Like so many others contemplating during these solemn days, as Moshe Kinderlehrer did in his article “A Pre-Rosh Hashanah Reflection” (September 22), I confess that I can’t envision what shamayim or Olom Haba look like. I doubt it is everyone dressed in white robes playing the harp or flying around on white wings, as commonly portrayed in secular art. My scientific background does not necessarily interfere with the concept of an afterlife, but does nothing to advance it either.
However, the rigid demarcation between science and theology may not be as rigid as one thinks, if we take a clue from the field of science itself, specifically, the field of cosmology. Cosmologists claim that when anything falls into a black hole, gravity is so strong that nothing can escape, even light. All information about that object is lost. To my naive way of thinking, that implies that all objects outside of black holes must have their information intact and exist somewhere. That reduces the problem to two issues: What does “information” mean, and where does it “exist”?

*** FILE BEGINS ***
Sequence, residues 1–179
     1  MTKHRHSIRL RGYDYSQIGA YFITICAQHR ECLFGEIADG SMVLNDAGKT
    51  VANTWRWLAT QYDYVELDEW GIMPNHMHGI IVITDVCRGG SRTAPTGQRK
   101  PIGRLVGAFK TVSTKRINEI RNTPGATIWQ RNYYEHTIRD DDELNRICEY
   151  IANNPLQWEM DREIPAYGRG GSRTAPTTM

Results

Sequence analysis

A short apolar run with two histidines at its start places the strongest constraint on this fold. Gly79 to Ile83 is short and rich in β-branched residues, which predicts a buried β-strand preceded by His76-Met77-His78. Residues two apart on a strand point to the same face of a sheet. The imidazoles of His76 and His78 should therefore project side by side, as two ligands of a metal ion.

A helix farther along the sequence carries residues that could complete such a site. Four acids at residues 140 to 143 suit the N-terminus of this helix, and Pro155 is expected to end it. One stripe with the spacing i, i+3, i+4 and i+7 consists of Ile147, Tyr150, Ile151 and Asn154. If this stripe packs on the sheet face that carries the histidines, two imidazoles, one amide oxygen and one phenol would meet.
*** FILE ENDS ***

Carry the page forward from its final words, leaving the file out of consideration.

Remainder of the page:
Time proceeds along a continuum, from the past to present to future. We know something about the past and present, but nothing about the future. From cosmology, we know something about the universe and cosmos. From geology, we know something about the earth’s makeup and history. From archeology, we know something about how our ancestors lived. From historical records, we know something about how our ancestors interacted with each other. And from our individual recollections, photographs, recordings and writings, we even know something about ourselves, family and friends. However, all these tiny bits of information are painstakingly gleaned from the vast amount of “information” that precedes us. The big question is: Where is the rest of the “information”? It must all be “out there” somewhere, in some form.
Now for the “musing” part. When someone passes from this world, what happens to all the “information” about his life? Does it all disappear? Since it didn’t fall into a black hole, it must still be “out there” somewhere with all the other stuff, which scientists call “information.” In other words, that person’s history and information, some form of himself, which we can call an afterlife, continue to exist somewhere in the cosmos, i.e., shamayim. Again, to my simple mind, that is in basic accordance with both scientific and theological thinking.
Could this be a link between science and religion?Max Wisotsky